January 29, 2014

from RT Website




(L-R) National Counterterrorism Center Director Matthew Olsen,

FBI Director James Comey,

Director of National Intelligence James Clapper,

CIA Director John Brennan,

Defense Intelligence Agency Director Lt. Gen. Michael Flynn

testify during a hearing before Senate (Select) Intelligence Committee

January 29, 2014

(Alex Wong / Getty Images / AFP)




Revelations made possible through documents leaked by former contractor Edward Snowden could cause the deaths of United States diplomats, citizens and soldiers, government officials said Wednesday, and remaining files should be surrendered immediately.


US Director of National Intelligence James Clapper implored Mr. Snowden during a Senate Intelligence Committee hearing in Washington, DC early Wednesday to hand over what remains of a trove of top-secret documents allegedly still in his possession after fleeing the country last year with a cache of classified material.


Officials have claimed the total number of stolen documents could exceed 1.7 million.


Speaking before the committee, DNI Clapper and his colleagues testified that the documents that have already been released to the media by Snowden during the last seven months have caused a significant blow to national security because they exposed an array of sensitive intelligence gathering tactics that have been jeopardized as a result.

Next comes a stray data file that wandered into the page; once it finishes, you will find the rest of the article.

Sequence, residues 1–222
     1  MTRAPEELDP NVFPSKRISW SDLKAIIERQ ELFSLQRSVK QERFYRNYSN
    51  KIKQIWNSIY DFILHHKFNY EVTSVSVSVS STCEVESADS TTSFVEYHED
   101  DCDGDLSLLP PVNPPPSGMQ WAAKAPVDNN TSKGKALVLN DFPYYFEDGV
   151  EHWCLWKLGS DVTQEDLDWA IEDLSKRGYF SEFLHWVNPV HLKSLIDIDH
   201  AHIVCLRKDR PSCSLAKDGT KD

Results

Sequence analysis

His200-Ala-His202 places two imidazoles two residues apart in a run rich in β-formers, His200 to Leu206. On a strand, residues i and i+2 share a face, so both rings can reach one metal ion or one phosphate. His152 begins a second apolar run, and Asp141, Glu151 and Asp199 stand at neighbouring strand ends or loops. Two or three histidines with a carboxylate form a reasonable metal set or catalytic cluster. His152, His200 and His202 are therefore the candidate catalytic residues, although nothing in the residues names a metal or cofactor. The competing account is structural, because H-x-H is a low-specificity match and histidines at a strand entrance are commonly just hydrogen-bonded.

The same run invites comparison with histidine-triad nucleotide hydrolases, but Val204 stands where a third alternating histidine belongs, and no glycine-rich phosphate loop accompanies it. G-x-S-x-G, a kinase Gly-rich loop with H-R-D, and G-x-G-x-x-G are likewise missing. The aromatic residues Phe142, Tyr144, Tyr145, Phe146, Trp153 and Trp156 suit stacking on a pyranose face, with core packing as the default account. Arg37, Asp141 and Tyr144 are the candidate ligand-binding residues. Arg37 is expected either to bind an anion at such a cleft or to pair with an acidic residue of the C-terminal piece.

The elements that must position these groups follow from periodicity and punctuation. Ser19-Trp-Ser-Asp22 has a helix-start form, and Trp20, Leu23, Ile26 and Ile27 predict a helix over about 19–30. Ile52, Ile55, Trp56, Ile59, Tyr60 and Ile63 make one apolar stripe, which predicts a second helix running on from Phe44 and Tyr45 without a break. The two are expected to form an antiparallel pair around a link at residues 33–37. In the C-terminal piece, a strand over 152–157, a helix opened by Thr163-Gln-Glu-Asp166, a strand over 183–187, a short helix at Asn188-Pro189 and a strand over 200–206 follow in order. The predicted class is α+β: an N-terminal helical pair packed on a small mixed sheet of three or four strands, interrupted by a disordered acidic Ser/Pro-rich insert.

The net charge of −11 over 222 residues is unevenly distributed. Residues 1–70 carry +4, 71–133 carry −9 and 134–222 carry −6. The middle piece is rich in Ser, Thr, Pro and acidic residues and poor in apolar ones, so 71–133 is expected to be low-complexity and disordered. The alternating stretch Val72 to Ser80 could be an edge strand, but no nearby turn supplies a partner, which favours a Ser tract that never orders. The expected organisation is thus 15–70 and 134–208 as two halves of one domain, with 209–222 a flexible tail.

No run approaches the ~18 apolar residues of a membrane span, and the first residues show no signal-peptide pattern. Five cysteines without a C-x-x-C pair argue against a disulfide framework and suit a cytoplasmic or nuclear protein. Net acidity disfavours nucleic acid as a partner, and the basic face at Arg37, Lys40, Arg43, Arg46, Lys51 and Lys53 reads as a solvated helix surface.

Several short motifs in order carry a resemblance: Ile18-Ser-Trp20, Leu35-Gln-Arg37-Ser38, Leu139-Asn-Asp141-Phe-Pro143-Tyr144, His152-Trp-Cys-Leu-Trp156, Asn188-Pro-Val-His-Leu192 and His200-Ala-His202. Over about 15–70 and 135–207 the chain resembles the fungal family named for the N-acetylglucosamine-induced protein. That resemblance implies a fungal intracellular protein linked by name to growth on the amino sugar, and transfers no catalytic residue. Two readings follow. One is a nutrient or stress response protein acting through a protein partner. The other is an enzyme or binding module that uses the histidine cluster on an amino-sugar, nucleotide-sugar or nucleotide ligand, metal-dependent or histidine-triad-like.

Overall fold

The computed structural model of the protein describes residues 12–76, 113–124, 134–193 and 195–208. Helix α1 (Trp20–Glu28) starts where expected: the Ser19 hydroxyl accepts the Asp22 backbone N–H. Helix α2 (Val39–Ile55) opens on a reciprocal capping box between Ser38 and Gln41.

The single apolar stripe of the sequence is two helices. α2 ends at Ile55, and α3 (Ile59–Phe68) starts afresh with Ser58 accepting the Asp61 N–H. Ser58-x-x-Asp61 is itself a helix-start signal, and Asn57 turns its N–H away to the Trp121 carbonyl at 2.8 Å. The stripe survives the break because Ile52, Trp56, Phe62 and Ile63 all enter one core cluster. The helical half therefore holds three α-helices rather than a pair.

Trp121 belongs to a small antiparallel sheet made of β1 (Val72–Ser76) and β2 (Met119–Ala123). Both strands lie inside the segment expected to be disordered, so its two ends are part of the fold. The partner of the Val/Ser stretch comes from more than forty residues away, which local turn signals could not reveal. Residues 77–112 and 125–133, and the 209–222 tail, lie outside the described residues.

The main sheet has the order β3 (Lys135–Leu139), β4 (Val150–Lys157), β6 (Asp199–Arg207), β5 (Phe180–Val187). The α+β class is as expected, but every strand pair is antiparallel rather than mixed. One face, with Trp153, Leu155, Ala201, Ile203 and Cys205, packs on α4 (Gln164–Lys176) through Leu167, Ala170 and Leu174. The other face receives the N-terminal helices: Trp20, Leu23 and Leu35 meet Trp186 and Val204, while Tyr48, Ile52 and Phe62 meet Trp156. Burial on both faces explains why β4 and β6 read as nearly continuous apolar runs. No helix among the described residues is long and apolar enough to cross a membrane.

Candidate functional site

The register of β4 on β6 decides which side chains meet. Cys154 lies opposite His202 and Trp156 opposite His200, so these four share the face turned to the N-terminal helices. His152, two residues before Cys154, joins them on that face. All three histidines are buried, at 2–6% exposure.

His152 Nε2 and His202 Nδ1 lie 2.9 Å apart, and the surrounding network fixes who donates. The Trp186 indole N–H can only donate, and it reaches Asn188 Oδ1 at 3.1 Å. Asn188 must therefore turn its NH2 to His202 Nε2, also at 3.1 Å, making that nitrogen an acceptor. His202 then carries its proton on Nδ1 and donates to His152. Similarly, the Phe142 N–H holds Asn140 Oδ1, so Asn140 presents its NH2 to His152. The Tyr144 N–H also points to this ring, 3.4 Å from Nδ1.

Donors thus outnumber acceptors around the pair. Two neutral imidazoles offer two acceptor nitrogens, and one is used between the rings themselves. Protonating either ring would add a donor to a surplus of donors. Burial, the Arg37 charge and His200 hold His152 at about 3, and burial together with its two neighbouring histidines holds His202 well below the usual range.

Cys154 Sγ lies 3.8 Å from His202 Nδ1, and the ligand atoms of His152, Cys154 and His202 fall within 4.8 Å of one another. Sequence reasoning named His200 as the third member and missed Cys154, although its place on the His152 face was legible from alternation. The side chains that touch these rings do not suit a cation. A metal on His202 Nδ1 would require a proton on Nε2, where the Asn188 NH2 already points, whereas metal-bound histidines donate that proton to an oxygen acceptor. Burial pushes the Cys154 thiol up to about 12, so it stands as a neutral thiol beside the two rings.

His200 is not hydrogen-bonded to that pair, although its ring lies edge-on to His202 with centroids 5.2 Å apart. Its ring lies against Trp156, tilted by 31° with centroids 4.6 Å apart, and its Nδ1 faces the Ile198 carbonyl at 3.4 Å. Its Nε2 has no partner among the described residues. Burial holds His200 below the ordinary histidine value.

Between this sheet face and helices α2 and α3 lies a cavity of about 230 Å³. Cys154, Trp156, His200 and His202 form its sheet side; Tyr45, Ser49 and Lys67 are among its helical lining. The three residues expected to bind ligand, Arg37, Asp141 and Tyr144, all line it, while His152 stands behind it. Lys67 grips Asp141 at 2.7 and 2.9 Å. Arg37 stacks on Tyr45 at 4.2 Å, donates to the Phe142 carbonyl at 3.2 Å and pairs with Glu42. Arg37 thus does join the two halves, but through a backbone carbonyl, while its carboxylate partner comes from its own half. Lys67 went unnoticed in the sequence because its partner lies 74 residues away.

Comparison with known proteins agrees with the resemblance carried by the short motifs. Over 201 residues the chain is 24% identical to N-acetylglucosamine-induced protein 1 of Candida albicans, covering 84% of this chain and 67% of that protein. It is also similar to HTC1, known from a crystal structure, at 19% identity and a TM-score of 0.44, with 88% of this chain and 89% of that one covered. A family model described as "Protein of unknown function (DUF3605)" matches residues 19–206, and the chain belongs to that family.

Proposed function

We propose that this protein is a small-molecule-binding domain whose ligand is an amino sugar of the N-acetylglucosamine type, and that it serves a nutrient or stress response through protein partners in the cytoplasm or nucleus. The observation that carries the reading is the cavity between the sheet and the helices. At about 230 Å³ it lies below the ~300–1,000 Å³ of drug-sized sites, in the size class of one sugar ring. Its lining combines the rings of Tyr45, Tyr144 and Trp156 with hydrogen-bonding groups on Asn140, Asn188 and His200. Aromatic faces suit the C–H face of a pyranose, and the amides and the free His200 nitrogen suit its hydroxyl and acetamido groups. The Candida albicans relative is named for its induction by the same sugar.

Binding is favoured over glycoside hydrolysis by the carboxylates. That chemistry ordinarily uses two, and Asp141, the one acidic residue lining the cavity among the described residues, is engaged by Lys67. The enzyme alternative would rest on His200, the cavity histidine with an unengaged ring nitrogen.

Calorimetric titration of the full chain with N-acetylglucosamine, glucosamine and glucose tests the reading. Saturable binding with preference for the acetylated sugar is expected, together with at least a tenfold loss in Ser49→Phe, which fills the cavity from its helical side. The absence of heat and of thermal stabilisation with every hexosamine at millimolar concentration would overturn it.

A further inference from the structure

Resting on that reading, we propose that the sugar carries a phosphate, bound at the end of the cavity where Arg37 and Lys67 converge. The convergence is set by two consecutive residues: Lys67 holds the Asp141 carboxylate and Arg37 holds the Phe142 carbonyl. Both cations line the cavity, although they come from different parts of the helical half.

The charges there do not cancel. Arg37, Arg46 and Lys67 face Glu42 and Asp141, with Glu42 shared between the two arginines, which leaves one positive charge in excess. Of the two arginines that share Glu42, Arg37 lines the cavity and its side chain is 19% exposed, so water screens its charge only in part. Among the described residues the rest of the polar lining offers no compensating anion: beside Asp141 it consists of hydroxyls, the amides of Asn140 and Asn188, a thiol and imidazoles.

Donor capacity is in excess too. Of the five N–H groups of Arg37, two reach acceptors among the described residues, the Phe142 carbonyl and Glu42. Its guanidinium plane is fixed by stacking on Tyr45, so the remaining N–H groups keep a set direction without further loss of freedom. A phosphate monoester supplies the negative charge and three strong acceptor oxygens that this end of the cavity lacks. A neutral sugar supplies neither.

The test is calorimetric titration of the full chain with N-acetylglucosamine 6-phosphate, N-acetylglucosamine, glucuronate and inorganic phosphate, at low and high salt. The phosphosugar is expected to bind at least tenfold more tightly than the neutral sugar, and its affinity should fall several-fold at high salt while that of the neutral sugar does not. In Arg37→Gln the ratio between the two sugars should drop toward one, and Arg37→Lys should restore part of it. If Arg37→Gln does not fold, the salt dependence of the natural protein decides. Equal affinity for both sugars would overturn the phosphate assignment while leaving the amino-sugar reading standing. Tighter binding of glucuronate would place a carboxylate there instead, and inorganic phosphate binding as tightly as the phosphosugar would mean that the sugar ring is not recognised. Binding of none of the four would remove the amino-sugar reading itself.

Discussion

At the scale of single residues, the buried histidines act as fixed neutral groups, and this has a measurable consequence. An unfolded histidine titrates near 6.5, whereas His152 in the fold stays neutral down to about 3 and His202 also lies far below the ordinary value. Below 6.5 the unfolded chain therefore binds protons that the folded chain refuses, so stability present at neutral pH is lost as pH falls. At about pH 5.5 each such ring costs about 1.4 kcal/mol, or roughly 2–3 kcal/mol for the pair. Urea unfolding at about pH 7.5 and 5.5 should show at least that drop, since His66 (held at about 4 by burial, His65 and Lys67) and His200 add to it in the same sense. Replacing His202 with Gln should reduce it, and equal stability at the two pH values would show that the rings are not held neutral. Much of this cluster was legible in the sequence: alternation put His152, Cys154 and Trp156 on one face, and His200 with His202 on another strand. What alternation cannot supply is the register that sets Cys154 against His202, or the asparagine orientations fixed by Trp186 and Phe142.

Snowden, 30, admitted in June to taking an undisclosed number of documents that in the last half-year have been regularly relied on by the international media for a number of high-profile reports about the US National Security Agency and its British counterpart, the GCHQ.


NSA files pilfered from the computer system Snowden had access to as a government contractor and released during the last several months have unveiled a number of previously unreported NSA operations, including those involving dragnet surveillance programs that put the digital lives of millions, if not billions, of individuals across the world into the possession of the US government.


US President Barack Obama has already announced plans to 'reform' some of those programs as a result of the debate that has dominated headlines since mid-2012 when the NSA stories based off of Snowden’s leaks started.

"For me, in terms of personal satisfaction, the mission’s already accomplished," Snowden told the Washington Post from Moscow last month. "I already won.


As soon as the journalists were able to work, everything that I had been trying to do was validated. Because, remember, I didn’t want to change society. I wanted to give society a chance to determine if it should change itself."

At Wednesday’s hearing, however, Clapper and other members of the US intelligence community reiterated earlier claims that the disclosing of those documents has had an immense effect on critical counterterrorism operations.

"As a consequence" of Snowden’s actions, Clapper said, "the nation is less safe and its people less secure" because of what he called "the most massive and damaging threat of intelligence information in our history."